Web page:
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Linville Falls

Originally published: 2012-06-08 12:02:00
Last modified: 2012-06-08 12:02:00

Our Avery County: All things Linville

Visitors to Springfield, Ill., often notice a recurring theme. Abraham Lincoln was from Springfield, and it seems impossible to turn around without running into something in Springfield with his name on it. There is Abraham Lincoln Capital Airport, Lincoln Land Community College, Abe Lincoln Gun Club and even Abraham Lincoln Unitarian Universalist Congregation. In fact, an online search at produces 318 entities in Springfield that use portions of the 16th president’s name. 

If Avery County had something to compare to the popularity of Lincoln’s name, it would be the name of Linville. Not only are there geographical features – Linville Falls, Linville River and Linville Ridge – but businesses as well, like Linville Animal Hospital, Linville Volunteer Fire Department and Linville Falls Trailer Lodge and Campground. 

It all starts with William Linvil, which we usually write “Linville.” According to family history, William Linville was born in Pennsylvania around 1711. He followed the Shenandoah Valley south, and in 1749 to 1750, built a cabin in the Clemmons area of present-day Forsyth County. He was a militia captain and was related to the Boone family by marriage. His daughter Ann had married George Boone, Daniel’s older brother. Jesse Crump writes in “The Boone Family History” that William Linville’s health began to decline in 1766, and he took his son John and another man by the name of John Williams across the Blue Ridge to hunt. The small party pitched their camp 10 miles below the present Linville Falls. About daybreak, the party was attacked by a band of Cherokee. William and his son John were killed, and John Williams was wounded. He was able to escape and bring word back to those along the Yadkin of the tragedy that had occurred. 

George Boone, possibly with Daniel Boone in the party, made his way back over the Blue Ridge, and according to the family, retrieved the bodies and buried them in Forsyth County. 

The Cherokee supposedly called the river “Eeseeoh” meaning “a river of cliffs.” However, Eeseeoh is not really a Cherokee word, or it is a corruption of some Cherokee word. It is unclear just who christened the falls Linville. In an article in Daily National Intelligencer in 1835, a explorer wrote that “The falls of Linville are not far distant from the Table, and though not at present a place to be visited by the softer, will repay one of the harder sex, for the fatigue of finding his way by a rough road over the ridges, to Linville cove ... “ 

The headwaters of the Linville River are found on Flattop Mountain, Sugar Mountain and Peak Mountain, near Seven Devils. The river flows through Avery County, and then into Burke County, finally ending at Lake James. 

Most people are familiar with the Linville River, which flows through Pineola and Altamont. Linville Falls, technically in Burke County, is a famous stop on the Blue Ridge Parkway. John D. Rockefeller Jr., donated the Linville Falls’ site in 1952. Yet another famous place bearing the name is Linville Gap. Better known as Tynecastle today, at 4,045 feet Linville Gap was once the highest point served by a passenger train in Western North Carolina. Of course, the railroad was destroyed in the flood of 1940. And then there is Linville Caverns, in neighboring Burke County. The “Frozen Niagara” opened to great fanfare on July 1, 1939. Linville Gorge, proclaimed the “Grand Canyon of North Carolina,” was designated a wild area by the Forest Service in 1951. In 1964, with the passage of the Wilderness Act, the 7,575 acres became one of the first components of the National Wilderness System. At present, the Linville Gorge Wilderness area contains a little more than 12,000 acres. Also in McDowell County is Linville Mountain.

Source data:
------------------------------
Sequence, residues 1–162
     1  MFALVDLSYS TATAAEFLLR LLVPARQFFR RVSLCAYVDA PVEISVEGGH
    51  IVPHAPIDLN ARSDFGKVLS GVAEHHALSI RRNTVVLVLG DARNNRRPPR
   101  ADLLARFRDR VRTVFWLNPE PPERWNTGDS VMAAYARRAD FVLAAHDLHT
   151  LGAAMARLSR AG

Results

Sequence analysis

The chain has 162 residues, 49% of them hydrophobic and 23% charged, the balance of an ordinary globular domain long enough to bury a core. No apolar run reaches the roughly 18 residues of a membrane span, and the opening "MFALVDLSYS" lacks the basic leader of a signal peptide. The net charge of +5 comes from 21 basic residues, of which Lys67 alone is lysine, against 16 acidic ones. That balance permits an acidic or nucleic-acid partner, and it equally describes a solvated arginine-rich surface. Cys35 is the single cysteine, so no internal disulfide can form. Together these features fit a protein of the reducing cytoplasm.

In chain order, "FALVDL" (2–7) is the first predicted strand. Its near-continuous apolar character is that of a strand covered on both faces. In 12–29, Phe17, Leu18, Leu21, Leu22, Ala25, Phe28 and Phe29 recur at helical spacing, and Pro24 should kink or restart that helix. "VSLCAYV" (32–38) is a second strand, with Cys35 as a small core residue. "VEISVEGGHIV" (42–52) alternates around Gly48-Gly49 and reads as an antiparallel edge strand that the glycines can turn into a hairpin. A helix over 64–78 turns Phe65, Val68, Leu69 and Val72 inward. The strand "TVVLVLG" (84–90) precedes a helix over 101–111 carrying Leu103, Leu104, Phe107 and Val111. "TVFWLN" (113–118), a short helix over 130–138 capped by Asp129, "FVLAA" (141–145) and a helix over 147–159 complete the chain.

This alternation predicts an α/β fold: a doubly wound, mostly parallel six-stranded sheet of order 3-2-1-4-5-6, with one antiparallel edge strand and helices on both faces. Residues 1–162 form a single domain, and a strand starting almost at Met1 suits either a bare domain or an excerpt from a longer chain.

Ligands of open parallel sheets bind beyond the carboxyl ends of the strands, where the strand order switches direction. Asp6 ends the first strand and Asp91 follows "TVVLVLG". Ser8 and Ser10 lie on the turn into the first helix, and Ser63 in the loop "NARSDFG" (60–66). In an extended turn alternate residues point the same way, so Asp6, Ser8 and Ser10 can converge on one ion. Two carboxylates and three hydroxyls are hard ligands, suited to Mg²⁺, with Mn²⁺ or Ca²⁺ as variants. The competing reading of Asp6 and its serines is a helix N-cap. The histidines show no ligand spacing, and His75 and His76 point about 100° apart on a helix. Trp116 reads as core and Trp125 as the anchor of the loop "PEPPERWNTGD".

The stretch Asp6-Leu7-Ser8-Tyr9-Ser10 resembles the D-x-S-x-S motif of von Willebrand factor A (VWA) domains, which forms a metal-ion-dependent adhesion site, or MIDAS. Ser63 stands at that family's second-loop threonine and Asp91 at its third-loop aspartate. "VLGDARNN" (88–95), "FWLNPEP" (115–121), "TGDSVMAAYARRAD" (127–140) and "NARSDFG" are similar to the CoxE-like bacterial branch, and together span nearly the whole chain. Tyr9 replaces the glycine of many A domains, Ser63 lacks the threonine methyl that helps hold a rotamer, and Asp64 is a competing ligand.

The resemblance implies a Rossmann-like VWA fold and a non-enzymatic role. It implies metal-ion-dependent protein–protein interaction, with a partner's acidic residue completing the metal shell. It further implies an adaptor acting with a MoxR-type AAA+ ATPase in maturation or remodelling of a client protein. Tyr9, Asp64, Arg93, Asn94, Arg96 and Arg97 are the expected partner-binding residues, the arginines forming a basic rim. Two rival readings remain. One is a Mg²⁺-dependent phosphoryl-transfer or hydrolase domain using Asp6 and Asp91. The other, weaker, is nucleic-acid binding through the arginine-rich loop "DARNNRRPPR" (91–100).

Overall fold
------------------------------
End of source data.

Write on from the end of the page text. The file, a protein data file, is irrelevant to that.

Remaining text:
There are two communities that bear the name. Linville Falls Village is the older of the towns, and sits astride the lines of Avery, Burke and McDowell counties. There were permanent settlers here by the end of the 18th century, and included the Franklin, Wise and Dellinger families, among others. The Town of Linville was unofficially known as “Stumptown.” In August 1883, the first post office in the area was established as Clay, named for the Clay family that lived there. In 1885 the post office name was changed to “Porcelain,” and in 1888, to “Linville.” The town was originally laid out to include, according to Covington’s history, “factories, shops and a thriving commercial district.” Linville Land Harbor was established to the west of Linville in the 1960s. Entities such as Linville Ridge and Linville Resorts are much newer. 

A few places, like the old Lynville Baptist Church, probably located off Goose Hollow Road, no longer exist. 

The term Linville is not as popular locally as Abraham Lincoln is in Springfield. But then again, do we really want an “El Presidente Burrito & Baja Grill” like they have in Springfield? Probably not. 

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